Friday, October 23, 2015

Buck and the Big Mosquitoes (Pt I)

Auckland, 1969
Buck was my best friend at the depot. 
When I’d started working there, fresh and green, he had taken me under his wing and shown me the ropes. Hell! I was only sixteen-years-old and still didn’t know shit from clay, as my new workmates used to constantly remind me. But it was all in good fun, for the men loved a laugh and I was a natural target, being so naive and inexperienced about things. How they’d pull my leg! And I was a foreigner too, a tall, gawky, long-streak-of-piss yank with a “goddamn” accent newly arrived in New Zealand and ignorant of everything, which of course added to the possibilities for hilarity at my expense. 
Because I really didn’t know shit from clay.
Anyway, about Buck. We became good friends. To me he was like some wonderful, profane, kooky old uncle. He didn’t go out with the work gangs, having had an accident years before that left him somewhat crippled, but remained at the depot to make tea for smoko breaks and clean up around the place. 
“The tea boy,” he called himself with a laugh. 
He put on his spectacles and looked up, smiling when he saw me. Today he had his false teeth in, which gave his smile a rather ferocious look. Usually he kept his false teeth in his overalls' pocket, wrapped in a handkerchief, “So as not to wear the bastards out,” as he always said.
“G’day, mate,” he called. “I’ve got a message from Pat. He said for you to take his car and collect the grog, and I should get a lift with you up to the site. Okay?”
Pat was the head foreman, who ruled our depot like a king. The men considered him a good boss, and thought themselves lucky to work for him, for there were plenty of bosses who were worse. With Pat you felt like what you did mattered, even if it was just shoveling shit from the bottom of a wet, muddy ditch. He knew everyone by name and he didn’t muck around, which pleased the men greatly. It also pleased them greatly when every now and then he put on a piss-up at one of the worksites, if we’d had a successful month with no accidents and stayed ahead of schedule.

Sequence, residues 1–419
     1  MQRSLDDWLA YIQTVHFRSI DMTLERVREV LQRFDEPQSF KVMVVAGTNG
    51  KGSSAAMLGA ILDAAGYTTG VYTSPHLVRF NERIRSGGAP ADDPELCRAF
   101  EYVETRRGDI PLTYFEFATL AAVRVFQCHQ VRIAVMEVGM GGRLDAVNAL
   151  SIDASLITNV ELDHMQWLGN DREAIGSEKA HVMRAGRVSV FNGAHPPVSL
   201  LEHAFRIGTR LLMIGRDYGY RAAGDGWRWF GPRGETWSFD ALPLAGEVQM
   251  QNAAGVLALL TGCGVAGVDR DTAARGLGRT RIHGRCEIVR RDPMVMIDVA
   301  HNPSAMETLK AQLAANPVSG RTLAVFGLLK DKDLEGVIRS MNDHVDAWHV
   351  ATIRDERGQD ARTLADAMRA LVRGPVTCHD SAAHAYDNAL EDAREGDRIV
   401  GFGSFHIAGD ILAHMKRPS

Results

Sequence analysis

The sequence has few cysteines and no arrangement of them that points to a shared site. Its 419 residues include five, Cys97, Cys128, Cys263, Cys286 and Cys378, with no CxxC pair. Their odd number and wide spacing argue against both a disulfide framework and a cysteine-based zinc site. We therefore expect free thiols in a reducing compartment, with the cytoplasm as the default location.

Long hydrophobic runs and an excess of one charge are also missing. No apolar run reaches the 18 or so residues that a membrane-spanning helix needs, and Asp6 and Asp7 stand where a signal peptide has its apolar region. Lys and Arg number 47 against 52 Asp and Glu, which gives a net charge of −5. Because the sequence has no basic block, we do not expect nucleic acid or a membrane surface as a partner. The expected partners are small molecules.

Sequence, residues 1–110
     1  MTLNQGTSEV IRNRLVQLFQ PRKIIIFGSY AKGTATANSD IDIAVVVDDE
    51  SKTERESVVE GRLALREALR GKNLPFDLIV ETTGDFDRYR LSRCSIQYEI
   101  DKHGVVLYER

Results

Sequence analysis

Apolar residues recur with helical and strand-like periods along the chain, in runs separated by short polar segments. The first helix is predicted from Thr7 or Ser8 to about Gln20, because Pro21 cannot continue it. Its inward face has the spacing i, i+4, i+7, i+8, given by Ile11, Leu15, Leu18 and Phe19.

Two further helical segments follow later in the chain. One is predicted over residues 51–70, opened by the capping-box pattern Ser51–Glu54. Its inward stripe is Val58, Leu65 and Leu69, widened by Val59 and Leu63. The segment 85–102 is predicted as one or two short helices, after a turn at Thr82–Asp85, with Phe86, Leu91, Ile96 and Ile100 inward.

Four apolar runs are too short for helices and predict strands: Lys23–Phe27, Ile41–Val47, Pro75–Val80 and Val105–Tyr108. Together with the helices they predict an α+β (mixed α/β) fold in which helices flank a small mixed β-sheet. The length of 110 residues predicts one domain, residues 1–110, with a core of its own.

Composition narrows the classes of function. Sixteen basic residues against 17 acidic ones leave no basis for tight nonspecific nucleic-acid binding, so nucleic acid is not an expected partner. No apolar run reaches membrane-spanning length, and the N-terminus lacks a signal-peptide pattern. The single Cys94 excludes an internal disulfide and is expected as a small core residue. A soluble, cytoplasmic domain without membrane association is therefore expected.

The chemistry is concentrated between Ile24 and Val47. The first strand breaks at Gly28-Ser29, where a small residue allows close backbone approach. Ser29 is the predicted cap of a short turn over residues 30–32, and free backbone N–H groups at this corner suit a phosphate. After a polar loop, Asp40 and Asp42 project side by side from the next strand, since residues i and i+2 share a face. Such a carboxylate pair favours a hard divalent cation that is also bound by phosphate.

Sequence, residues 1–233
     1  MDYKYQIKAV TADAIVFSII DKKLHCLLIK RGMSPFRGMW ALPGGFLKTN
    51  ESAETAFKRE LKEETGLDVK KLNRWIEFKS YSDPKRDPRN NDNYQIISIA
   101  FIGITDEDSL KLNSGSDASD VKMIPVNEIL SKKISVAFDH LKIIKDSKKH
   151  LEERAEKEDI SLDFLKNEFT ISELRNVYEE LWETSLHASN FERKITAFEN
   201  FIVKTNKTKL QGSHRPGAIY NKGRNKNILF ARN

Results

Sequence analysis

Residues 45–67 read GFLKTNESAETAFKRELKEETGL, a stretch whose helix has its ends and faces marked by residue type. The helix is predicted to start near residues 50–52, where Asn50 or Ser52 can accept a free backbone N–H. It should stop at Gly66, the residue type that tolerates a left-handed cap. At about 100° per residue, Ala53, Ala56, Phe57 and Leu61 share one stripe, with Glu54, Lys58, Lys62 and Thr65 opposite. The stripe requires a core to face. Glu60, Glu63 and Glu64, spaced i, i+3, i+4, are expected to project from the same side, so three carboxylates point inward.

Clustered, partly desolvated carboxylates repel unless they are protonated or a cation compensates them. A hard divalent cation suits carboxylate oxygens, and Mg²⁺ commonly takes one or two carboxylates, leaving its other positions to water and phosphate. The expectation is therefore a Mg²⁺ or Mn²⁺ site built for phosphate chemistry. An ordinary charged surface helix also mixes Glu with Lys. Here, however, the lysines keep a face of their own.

It was to one of these piss-ups that Buck and I, at Pat’s behest, were going.
“Any time you say, Buck,” I replied. “A beer or two would go down a treat.”
I was bragging, as Buck well knew. As a drinking man I was a rank amateur who couldn’t hold his beer worth a damn.
“I wouldn’t say no to a snort myself,” laughed Buck. “Who knows, eh lad? I might get the urge and run amuck!” 
Buck running amuck! Ha! Ha! How I hoped to see that!
“Remember, lad,” he said. “When faced with a choice of two evils… pick the one you haven’t tried yet!” 
At the bottle store getting the supplies, Buck watched as the booze was loaded into the Falcon. He leaned his broken body against the Falcon’s fender and had a smoke, counting the crates and bottles to make sure they got it right, until the Falcon could hold no more. 
“Batten down the hatches, mates!” he called. “She’s full up! Let’s shove off.”
After getting into the car Buck put his mangled legs on one of the crates of rum stashed on the floor, and made himself comfortable. Next, he reached down and lifted a bottle from a nearby crate, unscrewed the cap and took a long drink from it. 
He didn’t offer me any. 
“Not while you’re driving, Rusty lad,” he explained. “Dulls the wits, you know.” He took another swallow, then said, “It doesn’t matter about me any more. I’m old and buggered and fond of beer. But you, lad,” gulp gulp gulp and down it went, “I encourage you with the utmost sincerity,” gulp gulp gulp and down went some more, “to lay off the sauce.” 
Gulp, gulp. He took another swallow. 
“Urp!” he belched, adding, “Beginning tomorrow.”
"Okay, Buck,” I laughed. “Beginning tomorrow.”

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